Mrs Gain remembers meeting a Mlle Marie des Victoires in the dining room, a room in which many scientists, engineers and artists had been entertained by the Donaldsons, while the children listened intently to their interesting conversation. Among the many visitors were Prof and Mrs Ayrton and Sir Benjamin Baker. In the late 1890s John Donaldson and Sir Benjamin bought neighbouring estates at Pangbourne, the site of the present Pangbourne Nautical College. After John Donaldson’s death the family moved to 2, Melbury Road, Kensington, where Hamo Thorneycroft had his studio.
John Donaldson designed a family steam yacht, Thetis, known as the floating nursery. It was a very stable ship, built rather like Noah’s Ark and she used to sail across the Irish Channel when it was too rough for the mail boats.
Music-rooms and studios were essential in all the Donaldson homes. John Donaldson’s wife, Frances or Fanny, had a magnificent contralto voice and had been a pupil of Francesco Bergeo. They had five daughters as well as five sons and were a close-knit Victorian family. Mary, the eldest daughter, was a painter and her portrait of Uncle Hamo is in the family. She used to return regularly to the Tower House for French conversation lessons with one of the Blue Nuns. Alyce was pupil of Madame Schumann and no mean performer at the piano – she also became the much-loved family housekeeper. Helen, Mrs. Gain’s mother, played the violin exquisitely and won a Royal Society of Arts bronze medal. Helen married Clarence Hamilton, who was Vicar of Windsor from 1927 to 1940 and became Chaplain to the Royal Family. Isabel, the fourth daughter, was a sculptor who specialised in children. She was a great character who took her numerous nephews and nieces to museums, castles, cathedrals and the theatre – anywhere that would arouse a child’s imagination and appreciation of the beautiful or historic. The youngest daughter, Frances, played the ‘cello; she studied at the Royal Academy of Music and won its highest award – she also tied with Barbirolli in a competition.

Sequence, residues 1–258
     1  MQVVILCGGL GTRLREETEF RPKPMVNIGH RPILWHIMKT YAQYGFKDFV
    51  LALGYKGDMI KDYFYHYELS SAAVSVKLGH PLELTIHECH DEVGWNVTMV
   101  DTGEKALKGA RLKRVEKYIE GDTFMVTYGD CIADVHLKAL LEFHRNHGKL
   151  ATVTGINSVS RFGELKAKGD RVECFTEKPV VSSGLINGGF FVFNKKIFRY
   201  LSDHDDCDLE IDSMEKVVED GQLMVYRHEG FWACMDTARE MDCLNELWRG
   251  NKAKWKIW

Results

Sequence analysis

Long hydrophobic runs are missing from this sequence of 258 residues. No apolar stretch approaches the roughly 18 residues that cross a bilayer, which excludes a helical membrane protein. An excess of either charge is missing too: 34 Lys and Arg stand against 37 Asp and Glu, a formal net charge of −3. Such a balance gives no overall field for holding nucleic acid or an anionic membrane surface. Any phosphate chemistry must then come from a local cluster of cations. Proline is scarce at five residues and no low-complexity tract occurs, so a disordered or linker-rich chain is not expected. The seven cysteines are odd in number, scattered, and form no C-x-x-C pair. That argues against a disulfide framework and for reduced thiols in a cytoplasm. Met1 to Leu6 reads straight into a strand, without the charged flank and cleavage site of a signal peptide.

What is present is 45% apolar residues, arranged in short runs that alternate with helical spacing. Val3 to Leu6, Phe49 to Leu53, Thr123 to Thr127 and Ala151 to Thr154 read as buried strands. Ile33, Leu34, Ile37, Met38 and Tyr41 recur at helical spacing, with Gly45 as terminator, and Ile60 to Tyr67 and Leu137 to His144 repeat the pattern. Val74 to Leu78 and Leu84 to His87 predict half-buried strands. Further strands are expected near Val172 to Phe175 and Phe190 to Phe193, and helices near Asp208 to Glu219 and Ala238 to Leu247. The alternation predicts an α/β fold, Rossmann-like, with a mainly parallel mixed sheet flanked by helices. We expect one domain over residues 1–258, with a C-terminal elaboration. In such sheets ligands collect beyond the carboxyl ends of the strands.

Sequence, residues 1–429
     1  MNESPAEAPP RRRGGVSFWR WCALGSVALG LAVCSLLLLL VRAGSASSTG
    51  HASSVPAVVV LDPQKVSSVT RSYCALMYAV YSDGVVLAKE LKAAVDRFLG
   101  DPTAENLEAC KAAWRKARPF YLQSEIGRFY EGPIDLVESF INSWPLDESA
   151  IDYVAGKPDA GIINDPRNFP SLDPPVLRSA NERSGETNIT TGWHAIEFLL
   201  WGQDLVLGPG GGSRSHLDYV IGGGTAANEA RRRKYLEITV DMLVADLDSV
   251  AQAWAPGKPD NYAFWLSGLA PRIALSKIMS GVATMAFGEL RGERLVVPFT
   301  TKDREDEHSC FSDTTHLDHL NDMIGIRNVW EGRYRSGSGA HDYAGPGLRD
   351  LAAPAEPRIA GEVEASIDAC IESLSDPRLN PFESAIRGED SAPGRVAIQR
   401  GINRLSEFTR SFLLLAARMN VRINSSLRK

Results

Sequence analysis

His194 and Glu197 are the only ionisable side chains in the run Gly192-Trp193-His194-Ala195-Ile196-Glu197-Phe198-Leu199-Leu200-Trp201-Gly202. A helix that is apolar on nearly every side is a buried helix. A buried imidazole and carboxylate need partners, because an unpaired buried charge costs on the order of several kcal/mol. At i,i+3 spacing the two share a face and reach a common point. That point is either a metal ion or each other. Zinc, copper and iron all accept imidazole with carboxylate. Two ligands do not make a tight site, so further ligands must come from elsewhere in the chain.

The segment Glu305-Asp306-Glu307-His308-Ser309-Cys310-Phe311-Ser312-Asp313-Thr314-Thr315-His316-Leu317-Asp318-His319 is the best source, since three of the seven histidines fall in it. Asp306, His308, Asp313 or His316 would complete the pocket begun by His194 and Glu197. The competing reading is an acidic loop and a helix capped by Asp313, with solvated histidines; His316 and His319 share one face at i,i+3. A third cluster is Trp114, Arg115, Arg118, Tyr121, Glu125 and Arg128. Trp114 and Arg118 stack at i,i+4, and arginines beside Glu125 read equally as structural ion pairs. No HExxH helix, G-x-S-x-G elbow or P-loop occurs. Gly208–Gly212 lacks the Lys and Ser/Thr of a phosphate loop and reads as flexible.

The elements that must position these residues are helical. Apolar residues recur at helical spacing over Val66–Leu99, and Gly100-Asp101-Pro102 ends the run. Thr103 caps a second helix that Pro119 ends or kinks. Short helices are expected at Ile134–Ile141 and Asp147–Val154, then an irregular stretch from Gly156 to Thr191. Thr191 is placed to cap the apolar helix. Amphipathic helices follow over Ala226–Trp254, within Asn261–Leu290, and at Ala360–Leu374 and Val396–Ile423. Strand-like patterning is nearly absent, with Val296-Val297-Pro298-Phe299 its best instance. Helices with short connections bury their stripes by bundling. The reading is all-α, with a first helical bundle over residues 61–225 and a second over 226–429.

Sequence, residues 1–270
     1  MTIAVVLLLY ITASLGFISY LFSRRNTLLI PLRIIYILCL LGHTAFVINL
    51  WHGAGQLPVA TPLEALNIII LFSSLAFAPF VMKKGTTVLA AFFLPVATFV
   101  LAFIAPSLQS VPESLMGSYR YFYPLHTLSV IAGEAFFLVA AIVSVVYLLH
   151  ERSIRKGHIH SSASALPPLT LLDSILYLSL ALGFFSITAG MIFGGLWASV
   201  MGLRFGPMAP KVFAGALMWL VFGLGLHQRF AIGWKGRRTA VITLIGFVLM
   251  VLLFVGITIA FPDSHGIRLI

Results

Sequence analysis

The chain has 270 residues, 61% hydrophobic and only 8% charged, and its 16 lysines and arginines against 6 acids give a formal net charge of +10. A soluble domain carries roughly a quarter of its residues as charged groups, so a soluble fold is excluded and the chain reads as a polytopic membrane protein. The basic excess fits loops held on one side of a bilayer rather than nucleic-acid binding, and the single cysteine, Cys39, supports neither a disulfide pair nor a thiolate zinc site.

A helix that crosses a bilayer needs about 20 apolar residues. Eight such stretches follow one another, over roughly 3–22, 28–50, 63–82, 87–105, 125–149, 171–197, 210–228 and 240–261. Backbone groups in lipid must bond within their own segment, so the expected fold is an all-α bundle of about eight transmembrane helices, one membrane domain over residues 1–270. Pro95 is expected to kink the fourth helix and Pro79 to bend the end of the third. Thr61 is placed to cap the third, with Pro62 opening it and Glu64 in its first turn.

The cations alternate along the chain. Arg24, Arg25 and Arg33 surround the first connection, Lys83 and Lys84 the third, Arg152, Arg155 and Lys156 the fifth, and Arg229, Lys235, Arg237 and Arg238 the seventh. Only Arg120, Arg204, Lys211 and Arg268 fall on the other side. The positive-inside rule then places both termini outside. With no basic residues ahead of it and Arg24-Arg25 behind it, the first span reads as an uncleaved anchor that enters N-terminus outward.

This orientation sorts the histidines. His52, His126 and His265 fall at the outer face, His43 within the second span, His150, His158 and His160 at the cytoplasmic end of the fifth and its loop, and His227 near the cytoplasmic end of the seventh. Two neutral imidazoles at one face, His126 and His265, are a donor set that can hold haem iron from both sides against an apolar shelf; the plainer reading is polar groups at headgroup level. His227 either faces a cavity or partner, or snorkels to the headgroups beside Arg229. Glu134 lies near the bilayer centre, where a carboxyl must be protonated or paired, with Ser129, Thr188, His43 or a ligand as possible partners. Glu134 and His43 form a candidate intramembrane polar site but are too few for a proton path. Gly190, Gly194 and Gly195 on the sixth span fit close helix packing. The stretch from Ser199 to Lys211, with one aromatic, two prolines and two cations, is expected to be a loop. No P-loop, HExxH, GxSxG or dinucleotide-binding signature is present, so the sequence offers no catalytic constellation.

John Donaldon’s eldest son, Thornycroft Donaldson, often called Thorny, followed his father in the Thornycroft works and was General Manager of the firm for many years, including both World Wars. In 1899, the year his father died, Thorny won the Telford Premium. Like his father he had exceptional integrity and combined engineering skill with administrative ability. He assisted in the development of torpedo gunboats and destroyers. The second son, Norman, was a Gunner who was killed at the Battle of Neuve Chapelle in 1915. Next came Malcolm, affectionately known as Dottie, who rowed for Cambridge in the University Boat Race of 1906. He became a consultant gynaecologist at St Bartholomew’s Hospital; he was particularly interested in cancer and the education of women in the early detection of cancer, lecturing to Women’s Institutes up and down the country. He was my senior colleague at Mount Vernon Hospital, Northwood, and I got to know him well. Malcolm Donaldson’s son, Sir John Donaldson, is now Master of the Rolls and his wife was the first woman Sheriff in the City of London, becoming Lord Mayor in 1983.
The fourth son, Alastair, became a Captain in the 34 Sikh Pioneers; he was very artistic and became a professional photographer. The youngest son, Eric Donaldson, followed Malcolm as a medical student at Bart’s and became Medical Officer of Health for Surrey before becoming a Senior Medical Officer at the Ministry of Health. He was awarded the OBE for preparing hospitals for air raid casualties in World War II. Mrs Gain relates that one of her nephews, presumably a Donaldson and a marine engineer, sailed in the Falklands Task Force as second-in-command of the Coventry.
It is interesting to recall the probable origins of all this talent. John Donaldson’s wife was the daughter of Thomas and Mary Thornycroft, both of whom were sculptors. Thomas was the sculptor of Boadicea in her Chariot’ and exhibited Boadicea’s head at the Royal Academy in 1864. After his death in 1885 Hamo Thornycroft, who became even better known as a sculptor than his father and was knighted, found the Boadicea group occupied too much room in his studio. John Thornycroft therefore built a large shed in the garden of Walpole House where Boadicea was cast in bronze and set up on the Embankment at Westminster Bridge in 1902. Mary Thornycroft made life size marble figures of all Queen Victoria’s children which are still at Osborne, and her statue of a skipping girl used to be at Chiswick House.
John Francis, Mary Thornycroft’s father, was a Norfolk farmer who wanted to be a sculptor and had had some training from Samuel Joseph, who sculpted the Wilberforce statue in Westminster Abbey in 1844. He got an introduction to the Duke of Sussex after saving a woman from drowning in the Serpentine and the Duke, who was President of the Royal Humane Society, became his patron. Francis became a fashionable portrait sculptor and modelled William IV, Queen Victoria and many statesmen. Thomas Thornycroft became his pupil and later married his daughter. The combination of Thornycroft and Donaldson genes produced a most remarkable family.